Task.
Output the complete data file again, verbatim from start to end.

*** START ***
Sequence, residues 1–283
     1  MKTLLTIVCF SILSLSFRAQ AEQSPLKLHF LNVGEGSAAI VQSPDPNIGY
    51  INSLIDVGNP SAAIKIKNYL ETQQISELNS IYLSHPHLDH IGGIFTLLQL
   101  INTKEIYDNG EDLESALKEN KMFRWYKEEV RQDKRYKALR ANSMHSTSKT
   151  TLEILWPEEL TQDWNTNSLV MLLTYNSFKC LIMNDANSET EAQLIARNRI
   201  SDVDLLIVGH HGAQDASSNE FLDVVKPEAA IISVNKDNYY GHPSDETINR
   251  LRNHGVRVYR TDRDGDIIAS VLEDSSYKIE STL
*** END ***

Sequence, residues 1–283
     1  MKTLLTIVCF SILSLSFRAQ AEQSPLKLHF LNVGEGSAAI VQSPDPNIGY
    51  INSLIDVGNP SAAIKIKNYL ETQQISELNS IYLSHPHLDH IGGIFTLLQL
   101  INTKEIYDNG EDLESALKEN KMFRWYKEEV RQDKRYKALR ANSMHSTSKT
   151  TLEILWPEEL TQDWNTNSLV MLLTYNSFKC LIMNDANSET EAQLIARNRI
   201  SDVDLLIVGH HGAQDASSNE FLDVVKPEAA IISVNKDNYY GHPSDETINR
   251  LRNHGVRVYR TDRDGDIIAS VLEDSSYKIE STL